Both the prosecutor and the person convicted can appeal against the judgment of the district court. Exceptions apply, however, if the sanction is only a fine or, from the perspective of the prosecutor, if you have been acquitted of less serious offences. In these cases, special permission is required for consideration of the appeal by the Court of Appeal.
You can either appeal and request acquittal or request a lighter sentence. You do not need to give a detailed explanation as to why you are appealing, but it may sometimes be to your advantage to do so.
When lodging an appeal you must say what evidence you want the Court of Appeal to study. You are also entitled to present new evidence in the Court of Appeal. An audiovisual recording of the questioning of the individuals heard in the district court will be played back. As a general rule they will therefore not be questioned again in the Court of Appeal. This also applies to your own questioning. Only in exceptional cases may any supplementary questions be asked in the Court of Appeal.
An appeal must be lodged within three weeks from the date of the district court judgment. If you have appealed within this time, the prosecutor has a week to decide whether he or she also wishes to appeal.
If you are in detention when you appeal, the Court of Appeal must begin its hearing within eight weeks from the date of the district court judgment. You can otherwise anticipate that it will take three to twelve months before an appeal will be heard in the Court of Appeal.
The main hearing in the Court of Appeal follows roughly the same procedure as in the district court. The greatest difference is that you and others who have been questioned will not be questioned again and that the recording from the district court will be watched and listened to instead.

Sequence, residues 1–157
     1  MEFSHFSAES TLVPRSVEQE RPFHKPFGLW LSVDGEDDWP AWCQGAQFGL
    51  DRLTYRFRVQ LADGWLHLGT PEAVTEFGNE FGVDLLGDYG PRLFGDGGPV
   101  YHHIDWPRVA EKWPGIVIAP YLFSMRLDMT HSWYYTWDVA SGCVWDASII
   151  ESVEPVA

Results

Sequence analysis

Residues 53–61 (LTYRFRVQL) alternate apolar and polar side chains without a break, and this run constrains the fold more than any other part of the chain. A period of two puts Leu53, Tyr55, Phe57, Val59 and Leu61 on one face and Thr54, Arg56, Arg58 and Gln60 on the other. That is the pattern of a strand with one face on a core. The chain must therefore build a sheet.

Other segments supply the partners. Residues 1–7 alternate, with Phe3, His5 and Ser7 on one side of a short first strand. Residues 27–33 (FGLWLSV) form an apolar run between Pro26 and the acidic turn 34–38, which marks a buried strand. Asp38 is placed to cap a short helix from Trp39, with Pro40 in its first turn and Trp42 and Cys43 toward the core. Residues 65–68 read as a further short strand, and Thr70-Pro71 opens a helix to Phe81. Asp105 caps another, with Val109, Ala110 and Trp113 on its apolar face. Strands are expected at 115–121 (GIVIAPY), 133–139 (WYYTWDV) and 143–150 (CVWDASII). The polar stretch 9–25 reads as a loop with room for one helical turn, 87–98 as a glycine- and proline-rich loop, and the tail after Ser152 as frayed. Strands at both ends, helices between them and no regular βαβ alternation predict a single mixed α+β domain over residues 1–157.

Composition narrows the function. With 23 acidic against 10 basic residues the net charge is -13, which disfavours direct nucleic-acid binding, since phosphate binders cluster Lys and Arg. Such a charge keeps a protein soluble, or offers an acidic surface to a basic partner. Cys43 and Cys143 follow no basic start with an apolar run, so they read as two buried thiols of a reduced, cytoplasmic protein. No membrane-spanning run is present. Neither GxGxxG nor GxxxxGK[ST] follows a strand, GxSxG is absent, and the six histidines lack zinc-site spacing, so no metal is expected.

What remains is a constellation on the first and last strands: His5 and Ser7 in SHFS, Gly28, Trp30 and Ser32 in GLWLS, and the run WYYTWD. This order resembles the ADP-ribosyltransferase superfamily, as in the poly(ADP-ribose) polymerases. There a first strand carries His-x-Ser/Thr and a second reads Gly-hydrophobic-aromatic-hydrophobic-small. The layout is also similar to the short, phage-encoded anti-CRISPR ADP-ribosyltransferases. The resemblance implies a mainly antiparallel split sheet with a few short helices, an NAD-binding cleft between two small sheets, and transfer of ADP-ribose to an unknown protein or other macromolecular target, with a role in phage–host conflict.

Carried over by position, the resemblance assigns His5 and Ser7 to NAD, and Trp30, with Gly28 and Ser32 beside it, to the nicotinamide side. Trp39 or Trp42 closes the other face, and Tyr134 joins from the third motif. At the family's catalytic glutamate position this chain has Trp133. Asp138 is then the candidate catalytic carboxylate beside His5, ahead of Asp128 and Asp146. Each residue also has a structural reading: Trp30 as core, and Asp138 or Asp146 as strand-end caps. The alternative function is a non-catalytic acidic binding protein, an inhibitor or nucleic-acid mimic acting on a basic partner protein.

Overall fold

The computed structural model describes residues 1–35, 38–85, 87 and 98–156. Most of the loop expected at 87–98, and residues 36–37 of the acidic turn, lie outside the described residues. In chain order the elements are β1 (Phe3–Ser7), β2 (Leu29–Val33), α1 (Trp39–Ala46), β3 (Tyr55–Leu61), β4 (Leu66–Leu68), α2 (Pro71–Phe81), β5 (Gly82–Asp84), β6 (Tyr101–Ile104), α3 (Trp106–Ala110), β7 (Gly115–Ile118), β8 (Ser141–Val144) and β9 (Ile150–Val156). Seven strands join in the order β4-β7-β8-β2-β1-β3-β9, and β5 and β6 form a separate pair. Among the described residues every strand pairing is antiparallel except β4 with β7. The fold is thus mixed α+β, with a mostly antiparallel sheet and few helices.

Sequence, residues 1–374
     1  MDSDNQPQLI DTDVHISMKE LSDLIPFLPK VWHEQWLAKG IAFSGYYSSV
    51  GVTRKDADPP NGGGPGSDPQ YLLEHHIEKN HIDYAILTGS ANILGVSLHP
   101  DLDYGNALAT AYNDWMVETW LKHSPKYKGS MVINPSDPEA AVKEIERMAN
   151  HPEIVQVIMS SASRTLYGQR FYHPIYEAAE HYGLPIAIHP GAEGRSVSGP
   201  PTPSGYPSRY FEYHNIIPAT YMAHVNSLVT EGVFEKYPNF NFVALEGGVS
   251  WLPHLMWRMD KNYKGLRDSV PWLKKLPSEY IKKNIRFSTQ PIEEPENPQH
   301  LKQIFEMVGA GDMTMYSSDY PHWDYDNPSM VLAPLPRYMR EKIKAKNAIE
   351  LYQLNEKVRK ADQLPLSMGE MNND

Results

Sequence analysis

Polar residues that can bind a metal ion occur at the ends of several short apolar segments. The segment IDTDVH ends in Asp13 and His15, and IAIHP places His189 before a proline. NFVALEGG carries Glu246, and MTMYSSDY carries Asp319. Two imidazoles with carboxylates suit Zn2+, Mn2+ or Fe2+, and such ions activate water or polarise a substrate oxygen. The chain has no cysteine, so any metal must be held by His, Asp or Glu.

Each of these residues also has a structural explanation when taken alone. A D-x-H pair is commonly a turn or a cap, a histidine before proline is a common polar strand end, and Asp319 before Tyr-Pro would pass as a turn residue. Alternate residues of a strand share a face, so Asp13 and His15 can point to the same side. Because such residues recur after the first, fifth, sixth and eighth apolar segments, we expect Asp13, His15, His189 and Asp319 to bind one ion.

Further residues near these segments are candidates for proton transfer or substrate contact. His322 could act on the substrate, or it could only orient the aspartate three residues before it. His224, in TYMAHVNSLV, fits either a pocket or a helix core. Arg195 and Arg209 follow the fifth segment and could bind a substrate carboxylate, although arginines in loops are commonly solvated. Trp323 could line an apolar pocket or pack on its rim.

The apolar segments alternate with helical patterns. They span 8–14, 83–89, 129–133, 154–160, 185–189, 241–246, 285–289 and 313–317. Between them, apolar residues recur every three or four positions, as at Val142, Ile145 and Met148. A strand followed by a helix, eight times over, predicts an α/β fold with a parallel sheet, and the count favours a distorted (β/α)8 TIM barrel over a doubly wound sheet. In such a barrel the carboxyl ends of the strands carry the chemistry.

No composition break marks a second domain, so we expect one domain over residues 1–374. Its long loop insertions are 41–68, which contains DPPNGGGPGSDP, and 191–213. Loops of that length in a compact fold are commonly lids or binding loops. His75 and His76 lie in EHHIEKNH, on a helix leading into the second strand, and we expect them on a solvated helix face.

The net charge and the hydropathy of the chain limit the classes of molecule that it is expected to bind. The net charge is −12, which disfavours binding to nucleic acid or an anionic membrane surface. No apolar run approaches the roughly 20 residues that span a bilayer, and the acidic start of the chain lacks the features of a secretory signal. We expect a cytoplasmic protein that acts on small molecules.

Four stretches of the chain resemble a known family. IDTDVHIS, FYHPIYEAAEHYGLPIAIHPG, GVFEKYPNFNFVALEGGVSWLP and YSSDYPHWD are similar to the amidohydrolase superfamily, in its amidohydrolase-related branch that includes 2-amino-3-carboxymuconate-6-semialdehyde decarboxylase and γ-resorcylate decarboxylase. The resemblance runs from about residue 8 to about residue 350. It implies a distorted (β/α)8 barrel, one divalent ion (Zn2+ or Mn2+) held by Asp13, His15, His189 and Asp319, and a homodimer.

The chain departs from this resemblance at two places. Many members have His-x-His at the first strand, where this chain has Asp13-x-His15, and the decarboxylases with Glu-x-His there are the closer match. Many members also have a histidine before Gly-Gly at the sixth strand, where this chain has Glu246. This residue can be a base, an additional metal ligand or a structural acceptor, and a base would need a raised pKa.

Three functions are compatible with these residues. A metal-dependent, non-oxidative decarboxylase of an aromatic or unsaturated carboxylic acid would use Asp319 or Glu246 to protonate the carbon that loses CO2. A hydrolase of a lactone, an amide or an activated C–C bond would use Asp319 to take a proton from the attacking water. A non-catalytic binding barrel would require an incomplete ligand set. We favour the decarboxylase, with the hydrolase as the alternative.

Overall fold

If you are the only one to appeal, the Court of Appeal cannot impose a heavier sentence than the district court. If the prosecutor has also appealed, the Court of Appeal’s sentence may be either lighter or heavier.
If you are unsuccessful in the Court of Appeal, it is possible to appeal to the Supreme Court. But leave to appeal is required for the Supreme Court to consider your case, which means that special grounds are required for your case to be considered.
If you are acquitted and the judgment is not appealed against, you are entitled to compensation for the time you have been under arrest and in detention. The compensation covers loss of income and the actual loss of liberty. Your claim for compensation will be examined by the Office of the Chancellor of Justice. If you have not been deprived of your liberty, you will not receive any compensation other than the costs of your own evidence etc.
A conviction will be recorded in the criminal records registry, among other places. How long it will stay there depends on the sentence you have received. If you have been acquitted, the record will be deleted. You cannot influence the record yourself. The record is accessible to you yourself and certain authorities in the system of justice in Sweden and other Member States.
A conviction becomes final when the deadline for appeal has expired or the Supreme Court has settled the case, either by not granting leave to appeal or by handing down a judgment. There are also certain options for accepting the judgment before the appeal period has expired and consequently starting to serve the sentence.
Once a court has tried you for a criminal offence, the court cannot try you again other than under very special circumstances. This only happens about once a year. As a general rule, this also applies to crimes for which you have been prosecuted in another Member State.
It may be possible for you to serve your sentence in your own home country if you so wish. You should apply to the Swedish Prison and Probation Service. The sentence will otherwise be served in Sweden.
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